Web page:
Those are the only questions a facilitator may ask. They are encouraged to listen carefully in order to paraphrase each speaker's thought to make sure everyone is looking at the same in the part of the picture; remain neutral to any response and link comments which relate.We were then taken into the gallery and practiced the process on four different pieces. It is alot harder than it sounds. If it is an image you are really familiar with-you have to facilitate without giving away too much. If you aren't familiar with the piece-there is a whole different challenges. The goal is a directed dialogue focused on the piece of art. don't worry about who painted it, or when or even the title. Those aren't important - as a matter of fact, they may get in the way of the exploration.

Let's try it, okay? Look at the image belows and ask yourself the three questions. Remember, you have to prove your point with something specific to the image. Figure out why you have that gut feeling. Be specific. Think in terms of narrative and story? Think in terms of perceptions, prior knowledge even personal biases. Just be ready to name it a perception or bias.

Is there really no such thing as a bad question?

This is the 22 foot mural in its entirety.

Note: I wrote this on Monday but decided not to post it until today (Saturday). This conference was a challenge for me in that it travelled roads I don't know I've gone down as a teacher. I've spent the better part of the week processing what I've seen and how it can be translated into the classroom. Unlike the Presidential Academy, there was only a little prep for the Insitute. We selected a painting to research and did a short reading. It has been an intense week and I will do my best to highlight what we did. I'm still processing though so if my thought seem more incoherent thatn normal ...

Day one of the Smithosonian Institution's Clarice Smith National Teacher Institute. I have to admit, I was worried about burn out. The Presidential Academy was intense. So much preparation and a packed schedule. To sit for an hour and listen to art historian and tech people might be problematic. I shouldn't have worried. I walked out of the American Art Museum with more energy and excitment that I thought I had in reserve.

The big idea behind this conference is an exploration of how teachers can integrate art and technology in 'traditional' classroom. We were asked to select a piece to focus on and I chose a Thomas Hart Benton piece called Achelous and Hercules. Its the piece at the top of this entry.

The keynote today was by Ron Richhardt from Harvard University. His research looks at effective communication strategies in the classroom. His suggested that there were five types of questions in a class:
  • review: content, terminology, process...
  • procedural: classroom management; directing the work of the class; not content-based information 
  • generative: exploration of the topic or 'wondering out loud' questions;
  • constructive: questions which help build understanding and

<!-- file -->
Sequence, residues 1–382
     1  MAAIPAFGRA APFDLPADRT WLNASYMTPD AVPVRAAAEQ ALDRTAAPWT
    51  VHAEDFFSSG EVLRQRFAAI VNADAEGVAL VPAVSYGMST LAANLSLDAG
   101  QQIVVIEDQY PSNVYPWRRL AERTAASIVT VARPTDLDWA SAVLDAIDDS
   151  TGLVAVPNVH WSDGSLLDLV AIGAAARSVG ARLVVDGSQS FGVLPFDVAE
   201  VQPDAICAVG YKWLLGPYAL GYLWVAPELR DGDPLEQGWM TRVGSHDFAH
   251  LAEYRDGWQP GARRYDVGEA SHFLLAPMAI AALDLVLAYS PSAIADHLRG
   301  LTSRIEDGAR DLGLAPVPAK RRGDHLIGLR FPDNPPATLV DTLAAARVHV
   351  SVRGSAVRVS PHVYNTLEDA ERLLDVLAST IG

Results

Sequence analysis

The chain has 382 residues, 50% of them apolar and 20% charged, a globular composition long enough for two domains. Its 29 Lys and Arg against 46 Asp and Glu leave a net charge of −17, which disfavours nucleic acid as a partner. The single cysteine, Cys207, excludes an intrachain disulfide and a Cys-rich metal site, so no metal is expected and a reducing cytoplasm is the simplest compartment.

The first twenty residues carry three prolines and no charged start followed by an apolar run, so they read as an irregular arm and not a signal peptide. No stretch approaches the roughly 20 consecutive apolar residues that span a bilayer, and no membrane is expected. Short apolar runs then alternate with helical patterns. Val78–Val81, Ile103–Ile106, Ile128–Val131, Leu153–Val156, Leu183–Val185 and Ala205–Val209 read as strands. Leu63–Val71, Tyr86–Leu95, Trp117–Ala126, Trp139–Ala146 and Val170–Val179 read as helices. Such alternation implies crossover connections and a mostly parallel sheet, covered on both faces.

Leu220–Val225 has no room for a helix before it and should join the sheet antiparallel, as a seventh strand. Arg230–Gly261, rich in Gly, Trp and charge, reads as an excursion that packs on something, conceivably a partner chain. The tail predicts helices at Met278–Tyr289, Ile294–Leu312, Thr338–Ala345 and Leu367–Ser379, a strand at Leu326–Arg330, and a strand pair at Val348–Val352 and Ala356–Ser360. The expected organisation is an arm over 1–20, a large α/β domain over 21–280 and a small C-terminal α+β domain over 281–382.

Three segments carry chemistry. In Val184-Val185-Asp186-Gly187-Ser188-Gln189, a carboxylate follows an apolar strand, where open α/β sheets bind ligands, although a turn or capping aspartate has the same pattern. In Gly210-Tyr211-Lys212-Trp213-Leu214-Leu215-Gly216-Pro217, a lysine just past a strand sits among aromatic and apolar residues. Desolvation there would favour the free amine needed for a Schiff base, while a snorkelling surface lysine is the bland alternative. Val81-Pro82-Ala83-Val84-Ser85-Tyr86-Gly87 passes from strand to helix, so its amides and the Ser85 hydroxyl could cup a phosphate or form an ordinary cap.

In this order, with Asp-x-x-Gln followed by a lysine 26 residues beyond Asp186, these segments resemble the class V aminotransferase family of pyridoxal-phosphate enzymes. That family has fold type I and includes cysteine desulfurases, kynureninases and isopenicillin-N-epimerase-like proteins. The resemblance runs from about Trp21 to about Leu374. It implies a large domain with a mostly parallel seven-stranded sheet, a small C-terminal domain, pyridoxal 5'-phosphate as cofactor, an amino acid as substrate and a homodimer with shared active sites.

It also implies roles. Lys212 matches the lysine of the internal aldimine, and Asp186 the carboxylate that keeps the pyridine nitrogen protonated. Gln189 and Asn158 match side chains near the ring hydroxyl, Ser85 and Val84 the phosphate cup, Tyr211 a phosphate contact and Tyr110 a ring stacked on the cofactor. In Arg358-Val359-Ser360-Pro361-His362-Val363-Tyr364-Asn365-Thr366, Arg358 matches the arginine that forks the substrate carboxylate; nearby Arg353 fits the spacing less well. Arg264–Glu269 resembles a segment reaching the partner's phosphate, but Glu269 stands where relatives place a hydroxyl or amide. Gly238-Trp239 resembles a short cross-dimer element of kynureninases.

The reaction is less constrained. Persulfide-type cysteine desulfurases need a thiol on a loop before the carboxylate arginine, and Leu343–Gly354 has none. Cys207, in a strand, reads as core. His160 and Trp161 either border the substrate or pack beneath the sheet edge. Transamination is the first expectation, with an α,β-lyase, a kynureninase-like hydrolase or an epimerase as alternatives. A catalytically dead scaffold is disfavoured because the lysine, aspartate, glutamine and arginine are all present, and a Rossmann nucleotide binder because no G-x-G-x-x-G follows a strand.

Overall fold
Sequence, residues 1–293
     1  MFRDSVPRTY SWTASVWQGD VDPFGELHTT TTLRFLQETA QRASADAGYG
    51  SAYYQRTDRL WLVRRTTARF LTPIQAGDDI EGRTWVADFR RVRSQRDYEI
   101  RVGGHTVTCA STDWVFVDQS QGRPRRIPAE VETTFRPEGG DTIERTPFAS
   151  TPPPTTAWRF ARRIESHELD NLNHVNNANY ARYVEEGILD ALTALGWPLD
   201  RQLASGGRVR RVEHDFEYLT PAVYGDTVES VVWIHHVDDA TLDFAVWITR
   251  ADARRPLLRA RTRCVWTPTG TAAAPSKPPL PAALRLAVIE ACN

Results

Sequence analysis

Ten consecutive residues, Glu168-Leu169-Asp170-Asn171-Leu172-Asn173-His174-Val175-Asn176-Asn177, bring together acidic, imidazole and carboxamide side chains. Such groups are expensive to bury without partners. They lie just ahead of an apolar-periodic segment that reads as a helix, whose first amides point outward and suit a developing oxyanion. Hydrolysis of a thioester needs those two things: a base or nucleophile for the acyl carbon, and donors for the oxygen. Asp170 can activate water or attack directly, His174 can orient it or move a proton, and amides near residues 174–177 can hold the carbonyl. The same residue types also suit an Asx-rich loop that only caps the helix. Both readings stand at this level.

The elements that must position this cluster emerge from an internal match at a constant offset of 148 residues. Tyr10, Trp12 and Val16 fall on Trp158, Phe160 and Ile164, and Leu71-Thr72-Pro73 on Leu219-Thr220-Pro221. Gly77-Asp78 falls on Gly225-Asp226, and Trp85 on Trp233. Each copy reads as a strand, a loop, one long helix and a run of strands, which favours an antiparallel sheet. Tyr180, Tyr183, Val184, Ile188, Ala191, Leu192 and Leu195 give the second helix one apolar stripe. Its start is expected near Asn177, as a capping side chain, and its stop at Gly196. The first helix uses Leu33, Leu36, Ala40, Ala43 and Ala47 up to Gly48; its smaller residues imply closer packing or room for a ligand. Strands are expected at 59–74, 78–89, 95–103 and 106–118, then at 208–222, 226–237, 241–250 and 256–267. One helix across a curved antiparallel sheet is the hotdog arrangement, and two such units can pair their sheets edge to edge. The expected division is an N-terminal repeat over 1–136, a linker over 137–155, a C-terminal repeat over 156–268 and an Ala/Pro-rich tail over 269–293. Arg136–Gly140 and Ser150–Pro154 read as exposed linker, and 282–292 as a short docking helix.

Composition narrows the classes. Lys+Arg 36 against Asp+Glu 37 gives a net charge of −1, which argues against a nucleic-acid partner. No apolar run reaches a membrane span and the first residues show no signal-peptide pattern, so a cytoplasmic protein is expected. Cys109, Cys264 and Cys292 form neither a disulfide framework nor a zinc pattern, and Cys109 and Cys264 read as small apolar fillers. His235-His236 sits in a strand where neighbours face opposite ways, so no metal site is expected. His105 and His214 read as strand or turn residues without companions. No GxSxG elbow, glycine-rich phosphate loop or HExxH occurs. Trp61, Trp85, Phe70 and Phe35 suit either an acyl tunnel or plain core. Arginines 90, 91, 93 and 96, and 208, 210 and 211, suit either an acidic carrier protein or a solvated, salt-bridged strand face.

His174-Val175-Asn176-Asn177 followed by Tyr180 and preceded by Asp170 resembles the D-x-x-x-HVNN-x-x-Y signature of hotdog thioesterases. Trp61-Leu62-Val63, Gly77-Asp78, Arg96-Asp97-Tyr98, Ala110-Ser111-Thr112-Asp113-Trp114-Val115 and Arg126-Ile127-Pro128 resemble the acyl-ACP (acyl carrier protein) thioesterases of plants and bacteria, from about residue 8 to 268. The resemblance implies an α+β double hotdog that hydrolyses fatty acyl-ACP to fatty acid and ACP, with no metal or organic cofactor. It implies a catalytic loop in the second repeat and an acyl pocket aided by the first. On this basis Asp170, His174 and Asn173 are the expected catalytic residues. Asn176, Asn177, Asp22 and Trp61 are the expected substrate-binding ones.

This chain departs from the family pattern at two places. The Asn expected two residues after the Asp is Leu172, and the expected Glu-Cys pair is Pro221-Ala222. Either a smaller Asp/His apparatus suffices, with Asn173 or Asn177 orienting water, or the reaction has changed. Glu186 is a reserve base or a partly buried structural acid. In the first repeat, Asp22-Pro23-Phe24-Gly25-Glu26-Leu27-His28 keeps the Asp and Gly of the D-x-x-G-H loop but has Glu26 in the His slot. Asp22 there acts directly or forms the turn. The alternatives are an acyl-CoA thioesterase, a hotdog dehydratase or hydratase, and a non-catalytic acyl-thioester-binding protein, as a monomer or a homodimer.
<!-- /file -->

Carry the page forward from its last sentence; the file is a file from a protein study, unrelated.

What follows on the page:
• facilitating: questions which promote the learner's own thinking and understanding.
One of the things his research documents is something that most teachers know but seems counterintuitive to many folks. There more you focus on review and procedure (think; teaching to the test) the lower the assessment scores are. When students are engaged through generative, constructive and facilitating questions, the higher the test scores. The more a student is challenged and encouraged to look past the 'quick and easy' answer to real understanding, the better they do on content-driven assessment.

Dr. Richhardt also outlined what he thought were four key qualities for classroom instruction:
  • Novel application-it has to be more than just 'practicing what they know'.
  • Meaningful inquiry-they need to wrestle with new understandings and insights
  • Effective communication-lock in  understanding by talking, sharing, debating, ...
  • Intrinsic value-a sense of accomplishment or appreciation
I'm still trying to wrap my brain around what these might mean for my classroom, but wanted to get them out there. One of the values of being on-site is that I have the luxury of time to think about what is the best way to teach my charges.  I miss my family like mad but I hope I'm using my time to wrestle with what I can do better as a teacher. My students deserve no less.

Nerding it up between conferences ...

The Presidential Academy ended on Thursday. That morning, I watched my collegues for the previous three weeks head back to Philly and I went to the hotel I would be staying at for the rest of my time in DC. Its weird, after 20 or so days of being on a strict schedule and seeing the same people day in and day out, freedom was kinda awkward. It took me at a day to shake it. In case I haven't said it, these women and men were phenomenal. I really admire them. Some of them work in amazingly challenging situations, whether it be inner city or at risk populations or with children of affluence and apathy, they inspired me. The perspective of teaching civil rights in the Deep South. The perpective of being the only person your race in a school of 2000. The perspective of surviving your first year teaching or your 35th. We got to be friends and I wish them all the best. Thanks for letting me tag along and listen in.

On Friday I earned my history nerd union card. I went to the Madison Library of  Building and got my Library of Congress 'reader card'. I am now authorized to research in the Library of Congress for the next two years. How cool is that! I went in twice, once to look for a novella by Ralph Ellison that Dr. Morel suggested and the other to look for information on James Madison's stepson, Payne Todd. Am going to try and get over there at least one more time this week.

The place you get the reader card is in the Madison Building. You didn't think I would get a picture of Jemmy in his LOC building?

Library of Congress Reader Card. Yes I know I'm not smiling. I was going for nonplussed but it went more toward mugshot.